Sorry for being so blunt, but it is time a few of our elected politicians got off their fat arses and stop pandering to stupid EU laws that seem to protect criminals yet, at the same time, add salt in the wounds of the victims.

    Hilton Davis – a further problem is that many post-1990-built houses were not actually designed to be big enough to take a family-sized car beyond a Fiesta. Family cars have gradually got bigger over the past two decades, but most housebuilders have quietly been making garages smaller. Most of these garages are ultimately not designed to accept a car, more to serve as an extension housing additional white goods.

  5. Will says:

    I had the car broken into, an iPod and Sat Nav stolen – luckily the Pug had an immobiliser, so they couldn’t drive it away.

    I agree with David 3500 – one thing I noticed is that, apart form garages/ driveways, spaces in car parks seem to be tiny now in comparison to the cars that park in them (especially when you end up parked between an SUV and an MPV).

    My prettier half shouts at me because I end up doing laps of the car park trying to find a nice “easy” parking space (the 406 isn’t even that big a car compared to what’s on sale nowadays!)

    Anyway, as for the original article, I always think of this when I see videos of “joy”riders in the news or on YouTube. The Mazda/Kia/Escort/Metro that they’re destroying was once someone’s pride and joy, their wheels for independence, now suffering an undignified end because some drugged-up chavs want a quick thrill.

  6. Kev Sharp says:

    Amen to Wilko’s comment. Back in 2003 my much-modified 1974 Austin Maxi was broken into one night whilst parked outside my then Mother-in-Law’s house. They tried to make off with the complete car but, having managed to rip the steering column off its mounts whilst trying to break the steering lock, they instead proceeded to remove the stereo (with 12 disc changer) in a manner intended to cause as much damage as possible.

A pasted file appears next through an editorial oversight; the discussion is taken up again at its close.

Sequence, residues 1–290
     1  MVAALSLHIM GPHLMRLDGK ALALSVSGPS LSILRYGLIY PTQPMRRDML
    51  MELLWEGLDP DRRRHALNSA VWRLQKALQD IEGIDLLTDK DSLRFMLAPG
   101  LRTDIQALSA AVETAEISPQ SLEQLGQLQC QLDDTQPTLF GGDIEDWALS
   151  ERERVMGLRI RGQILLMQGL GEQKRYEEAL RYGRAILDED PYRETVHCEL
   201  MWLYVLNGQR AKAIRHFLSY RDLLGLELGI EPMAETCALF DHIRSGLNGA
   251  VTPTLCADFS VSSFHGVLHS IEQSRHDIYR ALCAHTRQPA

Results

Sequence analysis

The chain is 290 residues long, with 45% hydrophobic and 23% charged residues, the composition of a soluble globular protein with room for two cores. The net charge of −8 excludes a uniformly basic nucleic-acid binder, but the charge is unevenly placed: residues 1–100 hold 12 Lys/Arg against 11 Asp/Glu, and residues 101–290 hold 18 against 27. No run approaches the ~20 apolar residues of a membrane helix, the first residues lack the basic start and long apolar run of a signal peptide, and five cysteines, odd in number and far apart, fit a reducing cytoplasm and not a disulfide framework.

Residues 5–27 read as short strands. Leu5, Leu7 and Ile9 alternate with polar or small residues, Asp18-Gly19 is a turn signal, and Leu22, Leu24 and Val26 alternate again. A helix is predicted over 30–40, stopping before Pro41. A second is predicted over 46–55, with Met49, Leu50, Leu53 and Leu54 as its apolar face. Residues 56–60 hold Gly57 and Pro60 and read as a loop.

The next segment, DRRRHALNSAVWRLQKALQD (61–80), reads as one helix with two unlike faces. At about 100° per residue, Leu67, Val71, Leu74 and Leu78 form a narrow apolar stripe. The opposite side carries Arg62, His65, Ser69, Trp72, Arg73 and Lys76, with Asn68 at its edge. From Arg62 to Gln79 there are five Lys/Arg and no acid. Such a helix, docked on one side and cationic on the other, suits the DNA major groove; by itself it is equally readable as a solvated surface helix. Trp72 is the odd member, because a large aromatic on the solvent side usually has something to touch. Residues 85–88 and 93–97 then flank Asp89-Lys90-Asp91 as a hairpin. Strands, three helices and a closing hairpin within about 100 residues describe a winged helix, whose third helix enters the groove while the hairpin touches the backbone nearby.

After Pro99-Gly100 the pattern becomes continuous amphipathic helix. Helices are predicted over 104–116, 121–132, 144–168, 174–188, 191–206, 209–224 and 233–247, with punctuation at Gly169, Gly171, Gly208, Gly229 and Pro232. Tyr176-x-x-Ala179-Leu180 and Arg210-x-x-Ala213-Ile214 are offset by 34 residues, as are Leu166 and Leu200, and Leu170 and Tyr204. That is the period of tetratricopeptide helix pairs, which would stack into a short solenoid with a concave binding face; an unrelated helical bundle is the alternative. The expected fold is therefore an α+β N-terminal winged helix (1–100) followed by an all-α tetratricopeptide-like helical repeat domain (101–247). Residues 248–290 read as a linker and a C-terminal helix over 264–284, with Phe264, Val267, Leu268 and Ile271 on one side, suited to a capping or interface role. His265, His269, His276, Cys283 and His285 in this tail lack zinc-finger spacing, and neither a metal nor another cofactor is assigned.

A witness spotted her known to have criminal tendancies neighbours tinkering in their garage at approx 3am but, in spite of that, the Police were about as helpful as an outbreak of cholera, preferring the “here’s a crime no for your Insurers and that’s the limit of what we’re doing” approach. No doubt the Police were too busy undergoing diversity training to do their jobs.

    I’m pretty sure that, had I gone to visit these people with a baseball bat and found my stereo in their possession, the Police would have been in there like a tramp on chips to arrest me.

    Incidentally, the car was never the same even after I fixed it up and replaced the audio (cost lower than my excess so no point claiming there). Due to the mangled electrics caused by the vandalism, it developed a short circuit which would flatten the battery every two days unless the car was used.

    The moral of the story? Well, unless you are Princess Anne and you have lost some letters, don’t expect the Police to do anything in the way of preventing or solving crime.

  7. Simon Woodward says:

    My £18,000 van, which I use for my business, was one week old when “some poor not loved when he was a child” so and so broke into it.

    I’ve worked non-stop for 27 years and paid huge amounts in taxes and so I am really glad all that effort along with an average 60 hr week, ‘Phoenix’ businesses owing me £1000s in unpaid bills, tax inspections and a constant lack of support from various Governments regardless of their colour has gone to good use. (I forgot to mention the thieving bankers).

    After a break in you have to get the Police who take away your van so CSI! can finger print it to discover that the little twit was wearing woolly mittens. the Police charge £120 for that little privilege.That takes about two days and then it’s a trip to the garage for new locks/glass/paint etc. – it all costs a fortune both financially and in lost business time.

    Claim on your insurance I hear you cry (I cry every time that fat opera singer appears on the telly) but, with van insurance costing a fortune – £1800 with all the contents insurance etc. – and a £300 excess, it all becomes a bit of an expensive chore! Oh, and yes, it does have an alarm, extra locks and I never leave any stock, tools or a sat nav in it over night and I live in a good post code area.

    I don’t blame the average Bobby on the beat, it’s their bosses who make the decisions and act upon the laws set out by what ever Government is in power. I can’t blame all those nasty parents who didn’t give enough love to their children and so they grow up being naughty little car thieves.

    I blame society, I include myself, for not being vocal enough to the other crooks in society, the politicians, and telling them to get their finger out and make car crime a capital offence by bringing back hanging. I know it’s a little harsh but it’s quick and clean and lot cheaper than sending them tree-hugging to release all those pent-up nasty childhood memories or putting them on the naughty step and tutting very loudly!

    Sadly, either way, there currently isn’t a fat lot you can do about it Sam but you have my total sympathy … Simon, if you do catch them, I have some rusty old meat hooks in the back of the shed you can borrow!